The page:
Take the 2-minute tour ×
Stack Overflow is a question and answer site for professional and enthusiast programmers. It's 100% free, no registration required.

I need to create an assembly function that adds two positive numbers together, called by a C program.

The C program would look like this:

#include <stdio.h>

int main(void){
int a = 0;
int b = 0;
int c = 0;
printf( "Enter first number: " );
scanf( "%d", &a );
printf( "Enter second number: " );
scanf( "%d", &b );
sum();
printf( "Answer is %d\n", sum );
}

A requirement is that the assembly function (sum()) should not have any parameter passing nor return any value. Also, the assembly function is located in a separate file, sum.s, if that matters.

I tried a lot, and read a lot. Still, I can't access the variables inside main(). Thank you for your help. :)

share|improve this question
    
Can you say what you have tried? –  Nathan Fellman Sep 7 '09 at 16:03
    
Errm, what is it you're hoping to accomplish with this? Also, you talk about assembly without mentioning the architecture. Is it safe to assume that you're talking about ix86 with gcc4? –  Managu Sep 7 '09 at 16:13
2  
One more thing. Your handle is 'Student', and this is your very first post on SO. Should this post be marked "homework"? –  Managu Sep 7 '09 at 16:14

4 Answers 4

So far the answers here talk about some very complex and compiler specific solutions (actually they're also dependent on what options might be used to perform the compile).

I wonder if for this assignment all that's being looked for is to use global variables to pass the parameters and the result?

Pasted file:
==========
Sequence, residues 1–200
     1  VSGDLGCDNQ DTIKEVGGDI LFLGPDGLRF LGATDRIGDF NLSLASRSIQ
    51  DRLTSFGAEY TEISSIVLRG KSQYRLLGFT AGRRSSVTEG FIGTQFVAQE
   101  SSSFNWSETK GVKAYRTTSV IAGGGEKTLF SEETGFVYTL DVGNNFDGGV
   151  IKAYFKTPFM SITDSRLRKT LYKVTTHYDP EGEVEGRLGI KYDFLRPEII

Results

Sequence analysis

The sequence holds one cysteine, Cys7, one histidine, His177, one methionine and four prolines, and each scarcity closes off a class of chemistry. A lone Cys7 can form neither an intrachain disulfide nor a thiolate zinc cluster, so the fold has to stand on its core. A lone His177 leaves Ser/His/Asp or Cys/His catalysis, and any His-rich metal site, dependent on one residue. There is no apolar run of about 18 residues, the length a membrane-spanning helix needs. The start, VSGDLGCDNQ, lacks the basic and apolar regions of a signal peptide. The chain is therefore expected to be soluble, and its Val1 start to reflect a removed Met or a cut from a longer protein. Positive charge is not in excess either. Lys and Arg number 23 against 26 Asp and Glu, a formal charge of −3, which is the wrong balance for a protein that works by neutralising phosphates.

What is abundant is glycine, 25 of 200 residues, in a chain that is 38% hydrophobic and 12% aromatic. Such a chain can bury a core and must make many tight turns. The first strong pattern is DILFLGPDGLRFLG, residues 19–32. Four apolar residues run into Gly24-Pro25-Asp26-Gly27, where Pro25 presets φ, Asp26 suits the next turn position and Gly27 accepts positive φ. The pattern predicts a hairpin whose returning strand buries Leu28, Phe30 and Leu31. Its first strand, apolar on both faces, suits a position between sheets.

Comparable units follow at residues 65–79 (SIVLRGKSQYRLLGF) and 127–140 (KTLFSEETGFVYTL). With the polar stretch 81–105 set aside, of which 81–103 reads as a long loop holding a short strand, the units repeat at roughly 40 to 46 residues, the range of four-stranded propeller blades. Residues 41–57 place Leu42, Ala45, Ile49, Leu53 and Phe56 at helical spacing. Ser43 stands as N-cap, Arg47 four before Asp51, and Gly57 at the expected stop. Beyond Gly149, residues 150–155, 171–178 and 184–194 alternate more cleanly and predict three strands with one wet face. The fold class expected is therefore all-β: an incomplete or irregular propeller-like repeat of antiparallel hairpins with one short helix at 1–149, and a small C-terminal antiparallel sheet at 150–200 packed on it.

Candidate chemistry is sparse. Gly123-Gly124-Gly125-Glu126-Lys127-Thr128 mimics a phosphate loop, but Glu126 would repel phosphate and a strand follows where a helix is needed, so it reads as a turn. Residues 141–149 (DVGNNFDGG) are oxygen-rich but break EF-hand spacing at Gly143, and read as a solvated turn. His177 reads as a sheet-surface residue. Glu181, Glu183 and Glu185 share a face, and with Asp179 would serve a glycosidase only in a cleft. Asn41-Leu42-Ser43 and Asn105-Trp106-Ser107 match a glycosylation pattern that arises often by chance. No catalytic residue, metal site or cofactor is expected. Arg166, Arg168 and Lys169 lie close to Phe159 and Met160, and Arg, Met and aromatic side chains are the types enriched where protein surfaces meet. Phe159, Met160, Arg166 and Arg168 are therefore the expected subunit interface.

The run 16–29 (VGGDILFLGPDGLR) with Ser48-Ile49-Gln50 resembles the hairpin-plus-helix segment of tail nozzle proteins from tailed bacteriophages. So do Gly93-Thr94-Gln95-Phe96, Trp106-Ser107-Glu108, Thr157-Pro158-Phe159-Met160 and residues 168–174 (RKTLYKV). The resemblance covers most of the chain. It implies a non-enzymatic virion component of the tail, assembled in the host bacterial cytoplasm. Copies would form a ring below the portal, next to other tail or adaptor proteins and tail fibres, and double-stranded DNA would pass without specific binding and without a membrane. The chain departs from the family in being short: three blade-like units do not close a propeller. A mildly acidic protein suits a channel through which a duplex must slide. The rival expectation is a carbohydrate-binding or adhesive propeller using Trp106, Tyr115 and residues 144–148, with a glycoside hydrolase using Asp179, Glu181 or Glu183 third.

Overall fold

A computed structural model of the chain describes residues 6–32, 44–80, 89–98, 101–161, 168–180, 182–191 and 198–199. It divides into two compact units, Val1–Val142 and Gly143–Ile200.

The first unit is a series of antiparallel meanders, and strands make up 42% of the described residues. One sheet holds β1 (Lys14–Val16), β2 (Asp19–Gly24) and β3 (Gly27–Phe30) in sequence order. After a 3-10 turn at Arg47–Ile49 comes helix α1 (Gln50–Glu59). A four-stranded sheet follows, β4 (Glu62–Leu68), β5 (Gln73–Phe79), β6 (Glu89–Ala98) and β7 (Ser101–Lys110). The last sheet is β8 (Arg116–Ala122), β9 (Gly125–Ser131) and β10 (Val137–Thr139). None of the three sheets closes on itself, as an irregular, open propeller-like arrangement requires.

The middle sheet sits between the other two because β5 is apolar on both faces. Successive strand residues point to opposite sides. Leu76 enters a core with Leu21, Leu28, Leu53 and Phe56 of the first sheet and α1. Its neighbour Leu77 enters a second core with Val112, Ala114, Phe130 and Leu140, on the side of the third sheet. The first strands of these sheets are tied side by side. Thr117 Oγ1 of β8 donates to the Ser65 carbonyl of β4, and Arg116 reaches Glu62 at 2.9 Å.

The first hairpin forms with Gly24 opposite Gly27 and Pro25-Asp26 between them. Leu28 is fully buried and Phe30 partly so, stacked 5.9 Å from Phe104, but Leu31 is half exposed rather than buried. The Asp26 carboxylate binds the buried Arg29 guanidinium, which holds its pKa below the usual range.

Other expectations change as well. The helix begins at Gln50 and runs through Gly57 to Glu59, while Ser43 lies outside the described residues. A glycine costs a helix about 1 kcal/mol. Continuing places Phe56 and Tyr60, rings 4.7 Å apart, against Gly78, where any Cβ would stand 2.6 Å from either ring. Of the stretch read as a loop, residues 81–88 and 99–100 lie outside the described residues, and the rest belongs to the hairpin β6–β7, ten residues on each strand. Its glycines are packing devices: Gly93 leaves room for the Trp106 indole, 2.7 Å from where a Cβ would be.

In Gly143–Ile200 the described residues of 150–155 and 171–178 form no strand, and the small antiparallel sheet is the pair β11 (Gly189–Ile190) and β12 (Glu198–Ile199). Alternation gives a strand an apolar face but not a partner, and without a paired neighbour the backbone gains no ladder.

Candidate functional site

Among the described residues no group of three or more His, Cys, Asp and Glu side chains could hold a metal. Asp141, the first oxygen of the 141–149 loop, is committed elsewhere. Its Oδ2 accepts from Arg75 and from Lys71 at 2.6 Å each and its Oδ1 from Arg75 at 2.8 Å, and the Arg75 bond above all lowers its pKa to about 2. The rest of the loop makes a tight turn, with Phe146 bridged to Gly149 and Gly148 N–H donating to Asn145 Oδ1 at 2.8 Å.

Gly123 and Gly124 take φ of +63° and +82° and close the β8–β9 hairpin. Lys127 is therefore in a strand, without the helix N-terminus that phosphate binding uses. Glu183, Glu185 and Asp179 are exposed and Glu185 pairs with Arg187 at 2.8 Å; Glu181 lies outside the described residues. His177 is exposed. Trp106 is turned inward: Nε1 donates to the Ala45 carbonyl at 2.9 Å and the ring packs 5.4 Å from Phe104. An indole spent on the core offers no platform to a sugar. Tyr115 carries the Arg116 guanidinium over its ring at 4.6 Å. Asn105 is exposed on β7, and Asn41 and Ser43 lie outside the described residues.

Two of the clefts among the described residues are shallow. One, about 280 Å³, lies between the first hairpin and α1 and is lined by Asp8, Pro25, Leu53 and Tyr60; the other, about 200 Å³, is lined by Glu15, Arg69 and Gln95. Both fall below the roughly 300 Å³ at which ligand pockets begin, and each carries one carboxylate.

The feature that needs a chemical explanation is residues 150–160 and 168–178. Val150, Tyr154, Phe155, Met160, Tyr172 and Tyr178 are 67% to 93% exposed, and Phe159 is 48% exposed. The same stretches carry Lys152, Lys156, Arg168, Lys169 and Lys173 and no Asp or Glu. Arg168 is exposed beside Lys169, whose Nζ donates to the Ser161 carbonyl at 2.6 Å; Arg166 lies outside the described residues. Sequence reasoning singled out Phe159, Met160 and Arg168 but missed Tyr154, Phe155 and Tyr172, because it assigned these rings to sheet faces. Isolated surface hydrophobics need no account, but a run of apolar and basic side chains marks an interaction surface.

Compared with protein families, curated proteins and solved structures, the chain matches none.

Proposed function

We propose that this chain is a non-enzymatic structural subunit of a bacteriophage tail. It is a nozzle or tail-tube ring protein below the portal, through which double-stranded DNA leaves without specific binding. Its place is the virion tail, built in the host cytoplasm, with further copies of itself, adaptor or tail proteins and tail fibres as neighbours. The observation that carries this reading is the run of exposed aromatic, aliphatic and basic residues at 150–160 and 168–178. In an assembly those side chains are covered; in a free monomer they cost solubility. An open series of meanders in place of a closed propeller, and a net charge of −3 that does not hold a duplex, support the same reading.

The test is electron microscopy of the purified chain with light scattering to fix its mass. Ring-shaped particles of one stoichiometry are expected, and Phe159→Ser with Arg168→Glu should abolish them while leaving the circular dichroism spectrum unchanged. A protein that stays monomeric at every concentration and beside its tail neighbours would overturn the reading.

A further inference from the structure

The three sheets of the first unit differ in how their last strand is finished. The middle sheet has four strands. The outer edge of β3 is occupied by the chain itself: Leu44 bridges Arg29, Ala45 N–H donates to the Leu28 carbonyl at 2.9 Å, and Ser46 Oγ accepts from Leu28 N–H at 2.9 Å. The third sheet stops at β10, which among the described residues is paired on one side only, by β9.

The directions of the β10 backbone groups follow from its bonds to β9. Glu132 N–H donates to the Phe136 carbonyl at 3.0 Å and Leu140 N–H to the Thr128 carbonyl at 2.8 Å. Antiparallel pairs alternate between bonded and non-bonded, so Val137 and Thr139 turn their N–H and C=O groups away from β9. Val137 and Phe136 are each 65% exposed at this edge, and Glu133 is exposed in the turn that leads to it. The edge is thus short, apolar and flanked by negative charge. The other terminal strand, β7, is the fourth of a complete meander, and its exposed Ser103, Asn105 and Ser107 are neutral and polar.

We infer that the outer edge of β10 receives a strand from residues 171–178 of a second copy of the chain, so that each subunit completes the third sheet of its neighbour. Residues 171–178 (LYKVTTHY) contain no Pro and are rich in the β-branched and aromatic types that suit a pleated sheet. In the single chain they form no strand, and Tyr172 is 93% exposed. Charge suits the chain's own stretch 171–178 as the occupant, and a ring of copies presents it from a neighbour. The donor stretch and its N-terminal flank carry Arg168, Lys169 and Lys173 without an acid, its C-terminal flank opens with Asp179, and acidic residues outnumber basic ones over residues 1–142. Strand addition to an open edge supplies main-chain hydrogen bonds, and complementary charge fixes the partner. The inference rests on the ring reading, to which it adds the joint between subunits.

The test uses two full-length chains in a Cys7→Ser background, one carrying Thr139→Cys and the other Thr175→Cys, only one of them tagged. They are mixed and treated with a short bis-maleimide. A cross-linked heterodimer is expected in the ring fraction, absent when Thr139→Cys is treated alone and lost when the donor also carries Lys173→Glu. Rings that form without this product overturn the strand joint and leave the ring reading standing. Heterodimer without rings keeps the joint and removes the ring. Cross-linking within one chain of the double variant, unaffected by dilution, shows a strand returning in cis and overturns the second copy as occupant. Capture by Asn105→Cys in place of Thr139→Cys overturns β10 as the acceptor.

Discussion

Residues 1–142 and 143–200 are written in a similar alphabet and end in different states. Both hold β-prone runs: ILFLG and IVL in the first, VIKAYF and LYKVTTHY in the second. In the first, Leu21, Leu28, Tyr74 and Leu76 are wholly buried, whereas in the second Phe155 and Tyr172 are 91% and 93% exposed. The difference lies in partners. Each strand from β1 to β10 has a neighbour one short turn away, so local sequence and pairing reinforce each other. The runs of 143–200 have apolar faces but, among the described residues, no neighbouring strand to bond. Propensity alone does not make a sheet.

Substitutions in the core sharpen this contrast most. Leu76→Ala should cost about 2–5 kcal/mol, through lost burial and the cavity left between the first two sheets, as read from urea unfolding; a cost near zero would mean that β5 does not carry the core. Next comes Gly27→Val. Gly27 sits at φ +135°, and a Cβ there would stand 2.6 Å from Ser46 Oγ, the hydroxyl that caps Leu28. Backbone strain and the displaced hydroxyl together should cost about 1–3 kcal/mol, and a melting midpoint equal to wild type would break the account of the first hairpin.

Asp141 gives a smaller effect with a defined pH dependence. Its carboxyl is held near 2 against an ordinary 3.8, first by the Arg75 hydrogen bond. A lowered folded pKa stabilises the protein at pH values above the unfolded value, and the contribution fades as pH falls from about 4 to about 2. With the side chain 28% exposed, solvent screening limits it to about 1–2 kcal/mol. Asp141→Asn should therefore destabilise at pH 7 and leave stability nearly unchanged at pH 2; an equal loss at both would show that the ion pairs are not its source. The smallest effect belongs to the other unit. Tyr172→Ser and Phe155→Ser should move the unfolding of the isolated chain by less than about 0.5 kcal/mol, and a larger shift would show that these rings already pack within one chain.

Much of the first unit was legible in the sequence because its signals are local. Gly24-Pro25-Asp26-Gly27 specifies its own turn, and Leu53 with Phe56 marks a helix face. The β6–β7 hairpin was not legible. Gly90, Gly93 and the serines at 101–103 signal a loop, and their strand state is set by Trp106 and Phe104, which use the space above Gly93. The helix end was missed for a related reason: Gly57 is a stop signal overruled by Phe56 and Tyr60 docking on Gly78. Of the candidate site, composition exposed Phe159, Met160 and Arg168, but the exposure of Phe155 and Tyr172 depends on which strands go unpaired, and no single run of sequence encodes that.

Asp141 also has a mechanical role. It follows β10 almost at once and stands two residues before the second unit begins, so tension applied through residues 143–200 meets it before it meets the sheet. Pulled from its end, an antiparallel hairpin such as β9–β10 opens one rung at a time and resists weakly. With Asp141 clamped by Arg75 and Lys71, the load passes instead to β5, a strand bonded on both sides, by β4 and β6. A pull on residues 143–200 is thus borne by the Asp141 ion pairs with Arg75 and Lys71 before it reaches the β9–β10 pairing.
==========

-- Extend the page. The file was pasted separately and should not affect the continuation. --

Relying on the layout of the local variables in another function and their relationship to the return address location is rather... crazy.

share|improve this answer
    
I was assuming that when the querent said "The C program would look like this", they meant "exactly like this". If not then yeah, anything goes. –  moonshadow Sep 7 '09 at 17:13
    
Yes it woud be a very different answer if the question used global variables instead of local variable. –  ChrisW Sep 7 '09 at 17:21
    
@moonshadow - yes, you're right. I guess that I read some questions an think that they're presenting an approach rather than saying "here are the constraints". If this question is based on homework, I'd hope that the instructor is not looking for a solution based on how locals might be laid out by a compiler. If this question is a 'programming puzzle', then my answer is off-base. –  Michael Burr Sep 7 '09 at 22:49

No parameter passing seems a bit of an odd requirement - it's likely to result in quite brittle code; normally you'd get the C code to pass in parameters as normal and the assembly function would pull them from the appropriate registers and/or the stack as defined by the calling convention, and write the result there.

Still, if that is really what you want, it's feasible. What you'll need to do is read your compiler's ABI documentation to work out how it lays out its stack frame. Then your assembly function will need to work out where the caller's stack frame is - a pointer or offset to it, along with the return address and any parameters, is generally pushed on the stack when any function is called - and hence where the local variables a, b and c are in memory. The layout will depend on the ABI, and as you read those docs you'll discover it also depends on the calling convention and what you've locally declared in scope in the caller; and possibly optimisation level. So your resulting assembly function will be very tightly bound to your current implementation - brittle - and will likely break if pretty much anything changes. A general solution is not possible.